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2009 Research Highlights

Patients in the Children’s Cancer Hospital at MD Anderson Cancer Center have access to new therapies often before theypediatric leukemia research are available at other hospitals. This is in part due to the discoveries made within the Children’s Cancer Hospital laboratories and collaborations with adult oncologists at MD Anderson.

In 2009, pediatric oncologists and researchers at the Children’s Cancer Hospital earned recognition for their discoveries that are aiding the fight against childhood cancer. For a full report of the research progress made in last year, visit the 2009 Research Summary.

Leukemia

Most children diagnosed with acute lymphocytic leukemia are cured of their cancer. As a result, leukemia researchers at the Children’s Cancer Hospital are focusing their labs on improving survival for high-risk patients, such as those who have relapsed or refractory leukemia or rarer types of leukemia. Their studies have found potential ways to predict prognosis, better treat leukemia using certain drug combinations, and possibly decrease cardiotoxicities from therapy.

Brain Tumors

The brain tumor team at the Children’s Cancer Hospital has been successful in improving survival for high-grade glioma patients as well as patients with rare brain tumors, such as choroid plexus tumors. In the laboratory, they are studying more targeted therapies and have discovered a way to cross the blood-brain barrier and deliver more therapy to the brain tumor.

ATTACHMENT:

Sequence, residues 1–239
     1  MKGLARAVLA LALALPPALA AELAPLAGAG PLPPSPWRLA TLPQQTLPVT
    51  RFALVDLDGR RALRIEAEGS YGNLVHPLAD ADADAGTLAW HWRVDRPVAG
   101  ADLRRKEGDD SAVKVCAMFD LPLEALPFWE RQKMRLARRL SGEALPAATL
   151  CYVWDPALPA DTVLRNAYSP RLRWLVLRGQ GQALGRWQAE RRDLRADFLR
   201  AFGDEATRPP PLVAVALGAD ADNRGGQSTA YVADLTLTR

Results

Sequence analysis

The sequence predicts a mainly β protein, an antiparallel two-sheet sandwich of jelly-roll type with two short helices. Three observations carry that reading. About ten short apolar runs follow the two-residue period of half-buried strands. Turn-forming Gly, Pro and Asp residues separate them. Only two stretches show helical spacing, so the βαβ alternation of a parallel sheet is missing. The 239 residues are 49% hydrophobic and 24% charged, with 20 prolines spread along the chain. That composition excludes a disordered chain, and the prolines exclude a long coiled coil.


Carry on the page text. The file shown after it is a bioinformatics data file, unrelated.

Neuroblastoma expert, Peter Zage, M.D., Ph.D.Neuroblastoma

Two pre-clinical studies were recognized at the American Society of Pediatric Hematology Oncology’s Annual Meeting that showed how using various therapies on neuroblastoma have decreased tumor growth. Based on previous pre-clinical studies, the Children’s Cancer Hospital is the first in the world to open a Phase 1 clinical trial to test a new therapy combination on children with multiple-relapsed neuroblastoma.

Bone Tumors and Other Solid Tumors

A major milestone was reached in 2009 with the European Commission approval of an immune-based therapy, MEPACT — a drug developed and studied in children with osteosarcoma at the Children’s Cancer Hospital. In addition, pediatric oncologists were recognized for their novel aerosol therapy used to treat lung metastases, a surgical innovation for abdominal tumors, and a new multidisciplinary program for cardiac tumors. The Children’s Cancer Hospital also led the way in developing a multi-institutional retinoblastoma center that brings the area’s best experts together to collaborate on how to further the treatment of this rare eye cancer.

Cell TherapyCell therapy section chief, Laurence Cooper, M.D., Ph.D.

As pediatric oncologists and researchers are seeking less toxic, more efficient ways to fight cancer, they are turning to immunotherapy. The Children’s Cancer Hospital is part of the world’s largest cell therapy program. Recent research has shown how investigators are using immune cells, such as natural killer cells and T cells, to target cancer cells. In addition, they have found a way to improve engraftment of cord blood transplants.

Endocrine Tumors

The Children’s Cancer Hospital has one of the only pediatric practices in the nation that focuses on the diagnosis and treatment of children with endocrine tumors. Specialists within the team were recognized in 2009 for their research centering around treating papillary thyroid cancer and advanced Von Hippel-Lindau disease.

With a strong growing research program, patients and families at the Children’s Cancer Hospital will continue to benefit from the latest developments in the pipeline for childhood cancer. For more research news, visit the “News and Events” section of the Children’s Cancer Hospital website.

Family Matters - Spring 2010


© 2014 The University of Texas MD Anderson Cancer Center